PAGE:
To measure vaccine efficacy, or how well a vaccine works in a controlled clinical trial, the Food and Drug Administration (FDA) first looks at the number of people who fell ill with the disease. Then the agency compares whether they received the vaccine or the placebo (a harmless, inactive substance that looks identical to the vaccine being tested). If a greater share of those who are sick received the placebo instead of the vaccine, then the vaccine has met an acceptable efficacy standard. It is important to understand that the people in the trials did not get sick from the vaccine, but rather from being exposed to the disease in their everyday life.
For Covid-19 vaccines, the FDA set a bar of at least 50 percent efficacy in the clinical trials for Emergency Use Authorization consideration. The FDA determined that this was a standard threshold, compared to other vaccines (like seasonal flu vaccines), and would be high enough to slow the spread of the disease. In their clinical trials, both Pfizer and Moderna outperformed this standard with efficacy rates of 95 and 94.1 percent, respectively.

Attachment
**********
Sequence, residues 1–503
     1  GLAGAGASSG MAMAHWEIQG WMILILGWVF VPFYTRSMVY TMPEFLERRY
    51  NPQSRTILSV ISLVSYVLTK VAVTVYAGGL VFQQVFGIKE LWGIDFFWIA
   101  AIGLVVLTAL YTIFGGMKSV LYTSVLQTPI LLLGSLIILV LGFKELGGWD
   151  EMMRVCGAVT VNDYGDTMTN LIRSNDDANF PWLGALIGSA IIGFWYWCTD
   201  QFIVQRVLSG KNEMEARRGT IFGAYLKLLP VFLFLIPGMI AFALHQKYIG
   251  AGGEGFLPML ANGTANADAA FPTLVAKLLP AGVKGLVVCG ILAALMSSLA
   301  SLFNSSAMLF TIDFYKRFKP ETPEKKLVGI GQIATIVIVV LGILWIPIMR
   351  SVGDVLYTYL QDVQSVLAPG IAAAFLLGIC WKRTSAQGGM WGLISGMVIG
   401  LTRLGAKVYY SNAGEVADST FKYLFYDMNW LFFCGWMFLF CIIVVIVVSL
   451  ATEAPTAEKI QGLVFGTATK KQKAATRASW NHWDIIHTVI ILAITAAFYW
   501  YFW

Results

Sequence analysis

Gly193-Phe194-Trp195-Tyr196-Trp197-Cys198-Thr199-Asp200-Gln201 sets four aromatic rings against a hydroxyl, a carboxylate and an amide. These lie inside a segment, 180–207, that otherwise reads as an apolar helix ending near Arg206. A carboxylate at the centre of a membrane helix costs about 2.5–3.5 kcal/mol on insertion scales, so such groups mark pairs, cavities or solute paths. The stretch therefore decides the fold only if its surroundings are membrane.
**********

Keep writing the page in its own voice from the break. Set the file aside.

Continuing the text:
In the large Pfizer trial, forty-four thousand individuals participated, with half receiving the two-dose vaccine and half receiving placebo shots, which have no effect. Two months after their second injection, 170 people had contracted Covid-19. Among the 170 infected, only eight had received the vaccine rather than the placebo. Meanwhile, of the 10 severe cases, nine were in the placebo group.
In the large Moderna trial, thirty thousand individuals participated. Similarly, half of participants received the two-dose vaccine and half received placebo shots. Approximately two months after their second injection, 196 people had contracted Covid-19. Among the 196 infected, only 11 had received the vaccine rather than the placebo. All of the 30 severe cases were in the placebo group.
With the Johnson & Johnson vaccine, the FDA, "evaluated and analyzed the safety and effectiveness data from clinical trials conducted in over forty thousand study participants and manufacturing information submitted by Janssen Biotech, Inc. [...] [and] determined that the totality of the available data provides clear evidence that Janssen COVID-19 Vaccine may be effective in preventing Covid-19."